HAVANA TIMES — “Hotel Pernik, Holguin. How can we help you?”
“I need to book three rooms.”
“Look, sir, we’ve been instructed not to make any more bookings at the front desk. You have to do it through an agency.”
“Havanatur, good morning.”
“I need to book three rooms at the Hotel Pernik in Holguin.”
“Unfortunately, the system’s down and we can’t do any bookings at the moment.”
“Hotel Pernik, Holguin, so-and-so speaking, how may I help you?”
“Yes, I called the hotel and they told me I had to make my bookings through an agency. We went to Havanatur and they told us your system is down and that they can’t make any reservations at this time. Could you tell me how I can book my rooms, then?”
“Havanatur can’t make any bookings at this hotel, see. You have to call Isla Azul in Holguin and make your booking through them.”
“Good morning, Isla Azul, so-and-so speaking, how may I help you?”
“I need to book three rooms at the Pernik in Holguin.”
“How many people will be staying at the hotel?”
“Then why do you want to book three rooms?”
“Because they want to stay in separate rooms.”
“It’s not a question of what they want to do, but how the hotel can accommodate them.”
“There are no “buts”, sir, we have many booking requests right now. It seems all of Havana is sending people down here. They don’t stop coming, we can’t keep up.”
“Let’s see if we can understand one another. They will pay you for three rooms, but they have to be separate.”
“That’s not the way things work. We decide how to accommodate the guests, and they have to share a room.”
“Look, sir, that’s what we can do for you now. Should I book you the room or not?”
“I’m actually not sure, because two of them are foreigners and I don’t think they’ll be too happy about having to share a room.”
“You should have said so at the start. If they’re foreign, then there’s no problem. We’ll book three separate rooms for them.”
“Great. What’s my booking number?”
“I can’t give it to you now, the hotel system is down.”
These conversations may seem like a joke, but they’re absolutely true. We could say they are part of the everyday, “magic realism” of socialism (perhaps not as “real” as Soviet socialism, but certainly a lot less “updated” than we would want).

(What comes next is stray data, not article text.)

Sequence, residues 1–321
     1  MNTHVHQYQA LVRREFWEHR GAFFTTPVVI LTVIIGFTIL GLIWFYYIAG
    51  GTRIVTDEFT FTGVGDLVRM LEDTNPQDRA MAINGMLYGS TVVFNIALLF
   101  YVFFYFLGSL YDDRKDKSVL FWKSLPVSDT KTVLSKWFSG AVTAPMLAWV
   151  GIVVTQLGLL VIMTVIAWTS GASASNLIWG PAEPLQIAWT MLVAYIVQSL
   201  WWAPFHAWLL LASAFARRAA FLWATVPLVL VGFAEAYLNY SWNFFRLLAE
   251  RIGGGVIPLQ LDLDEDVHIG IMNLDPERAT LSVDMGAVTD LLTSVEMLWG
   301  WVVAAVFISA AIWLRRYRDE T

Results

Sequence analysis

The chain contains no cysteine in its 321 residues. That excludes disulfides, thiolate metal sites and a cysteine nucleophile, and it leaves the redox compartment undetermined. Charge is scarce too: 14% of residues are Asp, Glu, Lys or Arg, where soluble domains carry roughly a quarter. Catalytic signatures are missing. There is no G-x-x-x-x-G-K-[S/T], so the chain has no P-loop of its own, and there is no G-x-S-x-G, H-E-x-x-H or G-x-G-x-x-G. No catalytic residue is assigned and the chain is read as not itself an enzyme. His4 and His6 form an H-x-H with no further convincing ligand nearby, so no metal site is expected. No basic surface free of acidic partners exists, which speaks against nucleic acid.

Many tourists come to the country hoping to plunge into this fantastic, Caribbean isle, but most like to look at it from the outside, without the wheels of bureaucracy grinding their vacations into bits with absurd resolutions and restrictions.
Cuba faces the imminent challenge of increased tourism from the United States, one of its closest and most profitable markets. It is estimated the inflow of US tourists that are to visit Cuba in the coming years could double the total number of tourists currently traveling to the island.
These are demanding people who must be handled with “silk gloves”, if the country wishes to see them return. Failing this, this market will have been ruined in a few years and the country will lose a historic opportunity to make a leap forward in the industry.
Growth will continue to be slow for the time being, but, as soon as Washington authorizes tourism in Cuba, many US citizens will travel to the island to see with their own eyes this small and strange country that survived the hostility of eleven US presidents.
In the beginning, the allure of the forbidden will suffice to draw hundreds of thousands of people to the island, but much more than the country’s natural beauty, Cubans’ educational level and general safety will be required to make them come back and become regular visitors.
This will be difficult to achieve while tourists find that many suites in a 5-star, seaside hotel have broken ACs, the ice-machine is broken and that the foreign manager of an establishment has no choice to but wait tables owing to personnel shortages.
For decades, we heard speeches in Cuba warning of the dangers that the island’s proximity to the world’s greatest military power entailed. Now, the Americans are finally coming, but they are coming in peace, and it would be very ironic if the country were not prepared for this.
(*) Visit the website of Fernando Ravsberg.